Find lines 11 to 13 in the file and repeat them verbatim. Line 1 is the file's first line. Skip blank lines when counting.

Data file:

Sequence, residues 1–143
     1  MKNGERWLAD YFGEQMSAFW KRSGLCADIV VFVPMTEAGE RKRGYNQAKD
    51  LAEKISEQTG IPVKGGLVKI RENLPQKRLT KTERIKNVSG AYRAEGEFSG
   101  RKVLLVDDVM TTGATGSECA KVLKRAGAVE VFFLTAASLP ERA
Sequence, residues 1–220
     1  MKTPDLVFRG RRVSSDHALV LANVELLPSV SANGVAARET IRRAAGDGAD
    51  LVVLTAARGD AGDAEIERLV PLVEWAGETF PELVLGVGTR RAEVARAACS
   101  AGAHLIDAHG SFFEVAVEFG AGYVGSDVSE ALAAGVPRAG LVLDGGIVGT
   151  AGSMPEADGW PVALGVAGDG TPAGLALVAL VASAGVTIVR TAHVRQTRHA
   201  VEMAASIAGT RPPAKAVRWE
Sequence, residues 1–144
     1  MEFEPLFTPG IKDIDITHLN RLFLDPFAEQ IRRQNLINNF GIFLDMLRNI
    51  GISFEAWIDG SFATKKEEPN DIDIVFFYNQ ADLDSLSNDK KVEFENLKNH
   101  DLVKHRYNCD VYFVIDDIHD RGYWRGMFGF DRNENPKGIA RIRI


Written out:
Sequence, residues 1–144
     1  MEFEPLFTPG IKDIDITHLN RLFLDPFAEQ IRRQNLINNF GIFLDMLRNI
    51  GISFEAWIDG SFATKKEEPN DIDIVFFYNQ ADLDSLSNDK KVEFENLKNH